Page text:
Mantua and Hare (2001) describes three characteristics that distinguish the PDO from the El Nino Southern Oscillation (ENSO) (my dot points):
- first, 20th century PDO events persisted for 20–30 years, while typical ENSO events persisted for 6 to 18 months;
- second, the climatic fingerprints of the PDO are most visible in the North Pacific/North American sector, while secondary signatures exist in the tropics, while the opposite is true for ENSO; and
- third, the mechanisms that cause PDO are not currently known, while causes for ENSO are relatively well understood (Mantua et al., 1997; Zhang et al., 1997).
Since 2001 there has been a lot of research exploring the PDO, and others have developed different ways of measuring it as well. Kevin Trenberth and John Fasullo, in their 2013 paper, "An apparent Hiatus in Global Warming", wrote: "While the ENSO interannual variations are reasonably well known, the decadal variations are not." They were referring to the Atlantic Multidecadal Oscillation (AMO) and the Pacific Decadal Oscillation (PDO) and associated Interdecadal Pacific Oscillation (IPO). This isn't surprising because the phases last for a long time. Reliable observations only go back so far, and sea surface temperatures are probably more iffy than land surface ones would be over the past century or so.
Is the PDO changing?
I came across an abstract from AGU13 Fall Meeting, by Stephanie McAfee, which suggested that the PDO these days isn't the same as it was earlier last century (extract, my paras):
...There are a number of critical differences in the climatic expression of the negative PDO of similar magnitude before and after 1976. In comparison to negative PDO winters between 1949 and 1976, recent negative PDO winters were associated with warmer SSTs in the north Pacific, a stronger Aleutian Low, more pronounced ridging at 500 hPa over western Canada, substantially higher temperatures over Alaska and western Canada, and wetter conditions over the central United States.
The difference in climate conditions associated with negative PDO indices between the mid-20th century and early 21st century suggests that either equivalent PDO index values may be derived from distinct climate forcings or that the PDO's teleconnections may not be temporally stable. ...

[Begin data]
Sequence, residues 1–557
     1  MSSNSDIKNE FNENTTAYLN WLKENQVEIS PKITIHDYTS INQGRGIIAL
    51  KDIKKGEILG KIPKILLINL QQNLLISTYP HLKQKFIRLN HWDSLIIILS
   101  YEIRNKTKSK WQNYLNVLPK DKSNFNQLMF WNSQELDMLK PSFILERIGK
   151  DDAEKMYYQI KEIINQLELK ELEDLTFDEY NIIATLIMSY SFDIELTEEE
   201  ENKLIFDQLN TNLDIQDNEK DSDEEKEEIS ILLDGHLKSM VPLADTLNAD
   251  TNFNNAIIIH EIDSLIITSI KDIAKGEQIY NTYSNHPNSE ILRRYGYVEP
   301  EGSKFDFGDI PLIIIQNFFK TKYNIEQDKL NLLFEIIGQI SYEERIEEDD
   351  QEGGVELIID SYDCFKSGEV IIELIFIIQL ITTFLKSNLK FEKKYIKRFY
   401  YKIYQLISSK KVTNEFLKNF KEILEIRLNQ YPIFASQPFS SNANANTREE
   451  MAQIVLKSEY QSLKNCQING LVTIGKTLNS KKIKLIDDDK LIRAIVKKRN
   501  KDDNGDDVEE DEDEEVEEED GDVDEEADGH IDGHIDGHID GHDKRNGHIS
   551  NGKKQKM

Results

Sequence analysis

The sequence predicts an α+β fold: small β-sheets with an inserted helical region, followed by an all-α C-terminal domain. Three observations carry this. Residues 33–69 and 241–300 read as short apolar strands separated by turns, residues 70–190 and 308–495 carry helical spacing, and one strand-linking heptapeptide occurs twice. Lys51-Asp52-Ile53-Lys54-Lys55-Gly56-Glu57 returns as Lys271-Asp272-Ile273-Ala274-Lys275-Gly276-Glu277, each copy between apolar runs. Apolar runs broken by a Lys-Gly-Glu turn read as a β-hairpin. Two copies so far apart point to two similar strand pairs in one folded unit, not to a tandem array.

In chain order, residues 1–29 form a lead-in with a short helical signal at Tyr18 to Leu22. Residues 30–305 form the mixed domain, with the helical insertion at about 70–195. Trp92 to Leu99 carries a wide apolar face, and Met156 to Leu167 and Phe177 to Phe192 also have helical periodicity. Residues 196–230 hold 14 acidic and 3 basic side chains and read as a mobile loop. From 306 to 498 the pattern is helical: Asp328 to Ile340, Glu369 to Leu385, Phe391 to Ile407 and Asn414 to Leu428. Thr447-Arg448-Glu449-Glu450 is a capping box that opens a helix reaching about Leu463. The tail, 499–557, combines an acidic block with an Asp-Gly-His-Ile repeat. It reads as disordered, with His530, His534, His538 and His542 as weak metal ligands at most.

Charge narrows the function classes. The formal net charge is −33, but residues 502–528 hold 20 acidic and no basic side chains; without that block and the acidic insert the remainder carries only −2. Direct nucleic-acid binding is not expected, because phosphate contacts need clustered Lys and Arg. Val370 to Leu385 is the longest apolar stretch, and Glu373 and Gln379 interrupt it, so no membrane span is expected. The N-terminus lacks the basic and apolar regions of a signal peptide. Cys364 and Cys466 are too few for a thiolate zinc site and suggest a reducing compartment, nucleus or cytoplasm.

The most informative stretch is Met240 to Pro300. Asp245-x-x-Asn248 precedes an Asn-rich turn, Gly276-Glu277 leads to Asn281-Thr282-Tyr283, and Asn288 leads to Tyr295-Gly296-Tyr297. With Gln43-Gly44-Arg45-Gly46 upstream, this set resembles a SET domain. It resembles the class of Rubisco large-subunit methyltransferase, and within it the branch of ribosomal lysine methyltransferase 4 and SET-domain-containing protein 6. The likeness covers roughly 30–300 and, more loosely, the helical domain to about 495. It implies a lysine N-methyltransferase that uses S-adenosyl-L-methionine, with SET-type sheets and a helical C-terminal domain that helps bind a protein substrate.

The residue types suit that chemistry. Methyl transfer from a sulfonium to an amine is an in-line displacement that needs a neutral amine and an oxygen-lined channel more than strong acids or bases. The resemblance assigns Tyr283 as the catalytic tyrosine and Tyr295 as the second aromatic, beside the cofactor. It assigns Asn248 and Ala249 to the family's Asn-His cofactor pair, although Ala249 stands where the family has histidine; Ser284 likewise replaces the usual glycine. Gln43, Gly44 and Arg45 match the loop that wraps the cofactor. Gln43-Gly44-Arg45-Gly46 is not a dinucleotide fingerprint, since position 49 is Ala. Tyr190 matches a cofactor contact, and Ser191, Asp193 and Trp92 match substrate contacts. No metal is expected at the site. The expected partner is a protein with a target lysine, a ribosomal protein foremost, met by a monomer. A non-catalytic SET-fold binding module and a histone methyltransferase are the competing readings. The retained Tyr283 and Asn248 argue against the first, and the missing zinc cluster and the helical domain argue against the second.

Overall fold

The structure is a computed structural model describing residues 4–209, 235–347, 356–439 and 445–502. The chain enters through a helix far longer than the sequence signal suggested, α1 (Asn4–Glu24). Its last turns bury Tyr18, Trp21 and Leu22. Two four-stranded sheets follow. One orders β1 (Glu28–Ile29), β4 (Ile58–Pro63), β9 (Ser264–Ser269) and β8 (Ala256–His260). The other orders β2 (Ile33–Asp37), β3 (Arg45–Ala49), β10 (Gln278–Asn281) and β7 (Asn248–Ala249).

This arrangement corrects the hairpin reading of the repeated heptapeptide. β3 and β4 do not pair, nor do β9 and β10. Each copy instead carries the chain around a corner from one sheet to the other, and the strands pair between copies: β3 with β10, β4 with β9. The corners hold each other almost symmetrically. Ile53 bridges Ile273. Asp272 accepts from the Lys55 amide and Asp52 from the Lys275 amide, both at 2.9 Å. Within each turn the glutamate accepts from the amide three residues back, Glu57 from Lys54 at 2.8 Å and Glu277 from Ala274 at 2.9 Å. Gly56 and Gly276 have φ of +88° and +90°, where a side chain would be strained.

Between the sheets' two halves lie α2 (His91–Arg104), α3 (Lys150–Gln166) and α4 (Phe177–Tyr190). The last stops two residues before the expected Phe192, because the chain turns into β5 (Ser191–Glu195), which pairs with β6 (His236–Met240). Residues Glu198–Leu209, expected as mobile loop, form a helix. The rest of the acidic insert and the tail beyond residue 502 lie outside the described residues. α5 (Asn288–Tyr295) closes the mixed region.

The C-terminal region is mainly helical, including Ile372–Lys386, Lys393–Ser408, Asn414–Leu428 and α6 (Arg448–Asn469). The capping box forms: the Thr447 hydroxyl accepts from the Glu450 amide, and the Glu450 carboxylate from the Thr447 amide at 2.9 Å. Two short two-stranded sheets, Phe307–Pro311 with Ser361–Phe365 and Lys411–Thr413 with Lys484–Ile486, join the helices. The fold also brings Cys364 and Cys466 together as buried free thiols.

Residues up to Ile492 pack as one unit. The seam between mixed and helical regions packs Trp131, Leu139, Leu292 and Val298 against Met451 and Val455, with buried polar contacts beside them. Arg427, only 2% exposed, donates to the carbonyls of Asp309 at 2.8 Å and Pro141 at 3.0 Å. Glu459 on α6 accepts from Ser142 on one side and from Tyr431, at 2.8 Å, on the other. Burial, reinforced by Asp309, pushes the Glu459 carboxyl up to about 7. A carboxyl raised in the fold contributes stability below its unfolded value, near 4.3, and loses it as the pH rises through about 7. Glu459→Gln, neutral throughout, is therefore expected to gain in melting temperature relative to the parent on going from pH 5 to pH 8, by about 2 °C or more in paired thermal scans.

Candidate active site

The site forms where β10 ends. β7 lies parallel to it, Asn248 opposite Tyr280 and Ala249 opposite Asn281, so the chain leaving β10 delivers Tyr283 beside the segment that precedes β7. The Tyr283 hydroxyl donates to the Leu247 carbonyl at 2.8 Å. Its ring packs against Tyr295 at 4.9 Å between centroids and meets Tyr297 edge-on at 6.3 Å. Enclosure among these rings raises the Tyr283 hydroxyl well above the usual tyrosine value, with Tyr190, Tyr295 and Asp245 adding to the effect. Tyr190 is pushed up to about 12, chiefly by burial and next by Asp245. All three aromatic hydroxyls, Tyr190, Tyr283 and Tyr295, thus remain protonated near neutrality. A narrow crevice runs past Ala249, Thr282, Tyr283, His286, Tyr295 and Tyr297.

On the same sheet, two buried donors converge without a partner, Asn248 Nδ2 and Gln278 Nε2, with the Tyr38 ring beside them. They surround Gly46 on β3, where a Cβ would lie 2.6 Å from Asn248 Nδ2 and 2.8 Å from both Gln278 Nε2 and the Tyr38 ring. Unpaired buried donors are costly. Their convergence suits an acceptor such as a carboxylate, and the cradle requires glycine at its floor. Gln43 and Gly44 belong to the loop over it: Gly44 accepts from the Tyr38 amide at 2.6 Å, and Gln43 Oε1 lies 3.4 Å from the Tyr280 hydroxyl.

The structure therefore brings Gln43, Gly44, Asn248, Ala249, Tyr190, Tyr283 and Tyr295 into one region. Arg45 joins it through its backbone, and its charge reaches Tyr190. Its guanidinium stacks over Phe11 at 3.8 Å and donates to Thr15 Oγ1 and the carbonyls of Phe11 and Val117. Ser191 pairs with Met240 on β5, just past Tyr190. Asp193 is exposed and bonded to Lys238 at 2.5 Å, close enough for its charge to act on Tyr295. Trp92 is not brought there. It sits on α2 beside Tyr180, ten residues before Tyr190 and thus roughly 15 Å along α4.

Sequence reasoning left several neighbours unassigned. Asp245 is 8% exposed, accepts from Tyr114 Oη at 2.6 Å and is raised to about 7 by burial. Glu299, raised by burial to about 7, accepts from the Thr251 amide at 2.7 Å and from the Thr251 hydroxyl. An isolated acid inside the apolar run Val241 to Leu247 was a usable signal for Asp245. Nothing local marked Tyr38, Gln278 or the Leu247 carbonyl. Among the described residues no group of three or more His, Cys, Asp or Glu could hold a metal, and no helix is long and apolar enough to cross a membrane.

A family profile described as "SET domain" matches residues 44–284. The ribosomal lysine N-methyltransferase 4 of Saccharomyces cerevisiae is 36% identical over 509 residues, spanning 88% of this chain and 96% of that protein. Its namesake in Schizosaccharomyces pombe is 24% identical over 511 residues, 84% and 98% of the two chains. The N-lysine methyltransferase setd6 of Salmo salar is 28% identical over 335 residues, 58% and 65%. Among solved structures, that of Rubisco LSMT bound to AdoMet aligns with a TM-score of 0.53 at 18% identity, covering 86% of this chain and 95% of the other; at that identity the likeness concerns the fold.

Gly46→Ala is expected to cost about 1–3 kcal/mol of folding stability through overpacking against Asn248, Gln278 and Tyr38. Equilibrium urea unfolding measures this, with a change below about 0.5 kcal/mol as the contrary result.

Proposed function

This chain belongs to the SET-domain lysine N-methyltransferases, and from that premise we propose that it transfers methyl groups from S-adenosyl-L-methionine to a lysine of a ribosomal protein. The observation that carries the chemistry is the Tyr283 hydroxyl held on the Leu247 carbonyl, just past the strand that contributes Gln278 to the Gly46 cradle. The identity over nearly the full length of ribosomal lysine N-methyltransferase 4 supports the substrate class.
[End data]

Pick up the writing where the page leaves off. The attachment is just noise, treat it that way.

She's since published a paper that looks to be an expansion of this same topic, though I've only seen the abstract.
Seasonality of the PDO and leading ENSO
There are a few other things worth noting about the PDO before I move onto talking about Australia. Several papers discuss the seasonality of the PDO. For example, Newman et al (2003) write about comparing two years while the PDO is in a particular phase. It is mostly highly correlated with itself (two years later) in the northern hemisphere late winter/early spring and there's near zero correlation in November.
Further, there is reported to be a strong relationship between ENSO and the PDO (which isn't surprising). Matthew Newman et al (2003) described this as (my emphasis):
It has been suggested that decadal variability in the North Pacific may be more prominent during summer than during winter (e.g., Zhang et al. 1998). Our results suggest just the opposite: the PDO has little multiyear persistence during summer, so decadal variability of North Pacific SST is largely a winter/spring phenomenon. The confusion occurs because there is some correlation of the PDO between consecutive summers, but this is likely a consequence of the annual cycle of ENSO and the strong ENSO–PDO relationship that exists in both summer and winter (Fig. 1d); that is, a growing ENSO forces the PDO in summer, the subsequent mature phase of ENSO forces the PDO the following winter/spring, and this North Pacific SST anomaly then persists into the early part of the following summer.
The atmospheric bridge
That study also suggested that more of the decadal variability is reflected in the sea surface temperature rather than in the atmosphere. "Consistent with earlier studies, the NPI [North Pacific index] results suggest that the atmospheric component of North Pacific decadal variability is weaker than the SST component."